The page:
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Archery transport systems: products that get your most important gear from here to wherever in one piece.

SOME THINGS we occasionally take for granted, like our opportunity to hunt at all. Or to hunt on millions upon millions of acres of public land throughout our country. We also tend to take for granted the fact that if we drive or fly to our far-flung hunting destinations, our bows and arrows will get there as safely as we will.

Most of the time they do, but it's the times that they don't that will get your attention. Or at least it got mine. The scene was the Johannesburg airport, and it was three in the morning. I stood, weary after so much travel, absentmindedly watching the only functioning luggage carousel spin slowly, each revolution revealing fewer bags as other travelers plucked their luggage from it.

When it was clear that my bow case was not on the carousel, I tried to find someone who spoke English to help me. This was not an easy task, and as I was pantomiming my situation to a woman at the help desk, I caught a glimpse of my case coming through an unmarked door. Actually, "coming" and "through" aren't the right words--it flew into the air and crashed to the floor!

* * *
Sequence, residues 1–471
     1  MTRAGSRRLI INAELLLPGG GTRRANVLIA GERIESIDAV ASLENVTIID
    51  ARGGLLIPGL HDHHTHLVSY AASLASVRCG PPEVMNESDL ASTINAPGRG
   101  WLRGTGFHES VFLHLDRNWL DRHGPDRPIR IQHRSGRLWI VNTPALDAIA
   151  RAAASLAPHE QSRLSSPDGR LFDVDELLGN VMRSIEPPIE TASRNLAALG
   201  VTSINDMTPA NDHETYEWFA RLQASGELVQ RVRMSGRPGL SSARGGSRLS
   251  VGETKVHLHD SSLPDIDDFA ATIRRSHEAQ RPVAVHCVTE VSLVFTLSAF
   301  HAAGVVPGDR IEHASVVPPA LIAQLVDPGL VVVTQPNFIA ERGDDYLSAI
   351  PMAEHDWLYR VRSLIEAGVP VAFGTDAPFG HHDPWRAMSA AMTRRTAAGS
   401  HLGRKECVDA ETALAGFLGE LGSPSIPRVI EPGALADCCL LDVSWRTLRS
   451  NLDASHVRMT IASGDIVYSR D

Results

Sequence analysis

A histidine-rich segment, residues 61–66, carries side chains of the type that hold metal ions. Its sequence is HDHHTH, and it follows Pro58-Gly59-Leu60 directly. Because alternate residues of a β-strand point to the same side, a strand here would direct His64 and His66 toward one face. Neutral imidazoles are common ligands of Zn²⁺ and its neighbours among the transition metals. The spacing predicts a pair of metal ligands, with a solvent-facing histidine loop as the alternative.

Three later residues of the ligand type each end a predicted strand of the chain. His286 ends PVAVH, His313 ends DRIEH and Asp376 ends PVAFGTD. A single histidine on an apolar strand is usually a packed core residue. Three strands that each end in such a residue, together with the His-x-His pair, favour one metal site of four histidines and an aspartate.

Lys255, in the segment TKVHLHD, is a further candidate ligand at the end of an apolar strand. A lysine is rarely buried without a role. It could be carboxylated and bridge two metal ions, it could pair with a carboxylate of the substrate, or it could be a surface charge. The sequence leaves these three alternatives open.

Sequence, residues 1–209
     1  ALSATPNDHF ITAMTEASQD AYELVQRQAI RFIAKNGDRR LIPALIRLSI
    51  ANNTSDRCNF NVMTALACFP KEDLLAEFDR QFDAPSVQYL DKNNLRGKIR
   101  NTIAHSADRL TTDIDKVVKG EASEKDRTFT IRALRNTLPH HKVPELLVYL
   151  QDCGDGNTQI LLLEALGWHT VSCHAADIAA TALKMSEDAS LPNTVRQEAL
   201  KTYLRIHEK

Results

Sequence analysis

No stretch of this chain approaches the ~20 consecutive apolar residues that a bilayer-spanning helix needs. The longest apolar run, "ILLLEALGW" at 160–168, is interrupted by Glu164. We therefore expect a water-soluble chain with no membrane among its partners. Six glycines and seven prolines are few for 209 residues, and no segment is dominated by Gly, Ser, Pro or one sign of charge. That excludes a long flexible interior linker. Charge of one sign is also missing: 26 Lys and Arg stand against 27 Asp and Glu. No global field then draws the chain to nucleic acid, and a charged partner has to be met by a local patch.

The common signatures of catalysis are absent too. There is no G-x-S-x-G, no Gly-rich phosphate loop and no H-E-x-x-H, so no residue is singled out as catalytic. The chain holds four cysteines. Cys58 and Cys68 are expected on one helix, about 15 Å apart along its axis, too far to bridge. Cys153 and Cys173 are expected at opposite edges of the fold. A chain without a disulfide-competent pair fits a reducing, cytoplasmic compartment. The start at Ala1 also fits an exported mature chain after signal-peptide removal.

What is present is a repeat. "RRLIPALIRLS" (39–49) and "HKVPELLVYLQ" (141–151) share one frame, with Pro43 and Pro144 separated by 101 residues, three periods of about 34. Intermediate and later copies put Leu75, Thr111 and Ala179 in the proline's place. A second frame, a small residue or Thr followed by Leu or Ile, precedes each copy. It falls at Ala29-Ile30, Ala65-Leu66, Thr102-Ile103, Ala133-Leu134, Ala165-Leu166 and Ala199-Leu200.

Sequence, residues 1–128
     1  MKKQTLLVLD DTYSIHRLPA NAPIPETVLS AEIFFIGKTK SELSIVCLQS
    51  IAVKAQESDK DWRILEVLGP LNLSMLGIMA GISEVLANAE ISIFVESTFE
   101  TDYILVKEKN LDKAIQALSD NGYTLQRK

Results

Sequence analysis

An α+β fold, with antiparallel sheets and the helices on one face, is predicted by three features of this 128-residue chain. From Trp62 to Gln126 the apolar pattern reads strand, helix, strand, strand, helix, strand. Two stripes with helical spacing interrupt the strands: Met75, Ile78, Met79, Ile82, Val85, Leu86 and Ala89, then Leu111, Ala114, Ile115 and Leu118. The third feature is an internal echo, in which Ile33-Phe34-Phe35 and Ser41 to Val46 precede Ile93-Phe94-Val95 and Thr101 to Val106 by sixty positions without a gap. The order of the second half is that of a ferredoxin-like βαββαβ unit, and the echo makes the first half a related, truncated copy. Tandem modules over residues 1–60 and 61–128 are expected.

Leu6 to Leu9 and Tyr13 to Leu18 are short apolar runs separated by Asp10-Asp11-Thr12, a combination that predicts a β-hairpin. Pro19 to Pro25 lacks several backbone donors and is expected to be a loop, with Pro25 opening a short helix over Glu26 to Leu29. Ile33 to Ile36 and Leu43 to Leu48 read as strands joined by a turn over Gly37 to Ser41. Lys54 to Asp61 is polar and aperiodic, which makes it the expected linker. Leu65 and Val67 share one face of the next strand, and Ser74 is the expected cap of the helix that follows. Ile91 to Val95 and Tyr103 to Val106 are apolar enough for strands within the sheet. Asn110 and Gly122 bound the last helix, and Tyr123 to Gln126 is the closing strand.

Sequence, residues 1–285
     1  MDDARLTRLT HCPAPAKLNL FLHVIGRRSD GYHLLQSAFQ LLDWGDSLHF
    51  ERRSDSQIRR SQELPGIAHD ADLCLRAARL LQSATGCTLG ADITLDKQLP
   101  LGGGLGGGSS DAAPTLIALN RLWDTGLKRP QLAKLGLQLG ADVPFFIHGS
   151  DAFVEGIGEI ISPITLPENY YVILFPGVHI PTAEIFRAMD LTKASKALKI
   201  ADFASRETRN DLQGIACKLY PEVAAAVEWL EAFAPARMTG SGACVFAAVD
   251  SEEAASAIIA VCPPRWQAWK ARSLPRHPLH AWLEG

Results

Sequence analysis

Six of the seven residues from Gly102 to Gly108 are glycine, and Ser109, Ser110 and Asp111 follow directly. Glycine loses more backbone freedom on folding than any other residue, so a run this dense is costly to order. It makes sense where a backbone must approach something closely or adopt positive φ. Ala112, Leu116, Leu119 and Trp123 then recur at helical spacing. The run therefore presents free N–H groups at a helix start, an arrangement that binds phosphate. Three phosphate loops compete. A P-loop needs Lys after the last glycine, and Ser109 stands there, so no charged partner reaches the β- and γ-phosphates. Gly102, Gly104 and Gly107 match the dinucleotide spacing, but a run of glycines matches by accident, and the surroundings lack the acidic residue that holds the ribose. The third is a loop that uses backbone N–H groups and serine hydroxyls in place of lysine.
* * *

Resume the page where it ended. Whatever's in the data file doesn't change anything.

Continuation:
After reaching the outfitter's lodge the following day, we set up to fling a few practice shots. My sight rattled like the teeth of an Alabaman riding out the 11th hour of a Saskatchewan dawn-to-dusk rut hunt. It was busted beyond repair. So I swapped out the sight with my backup, re-sighted the bow in, and proceeded with the trip.

I also resolved to find a bow case that could endure TSA and my own rough and careless travel tendencies. I've tried out a pile of different cases, and now have a fairly pared-down system that has held up thus far on plenty of hunting trips. And it all starts with a bow case.

Even if I only plan to take one bow (not very likely on an out-of-state trip), I tend to opt for a double bow case. This gives me a chance to pack away extra arrows, broadheads, Allen wrenches, and other assorted bow accessories that might be necessary throughout a trip.

Increasingly, my choice for just such a case has been the Bowfile ELITE Combo ($290) from Lakewood Products. The ELITE Combo contains a 41 "L x 7.75"W x 15"H airline approved drop-in design bow case that can easily accommodate two parallel-limb compound bows. It also contains an 18-arrow storage box, along with a smaller case that is perfect for broadheads and bow tools. At only 21.5 lbs., the ELITE Combo is perfect for serious travel, or for the DIY hunter looking to keep all of his essentials in one sturdy package.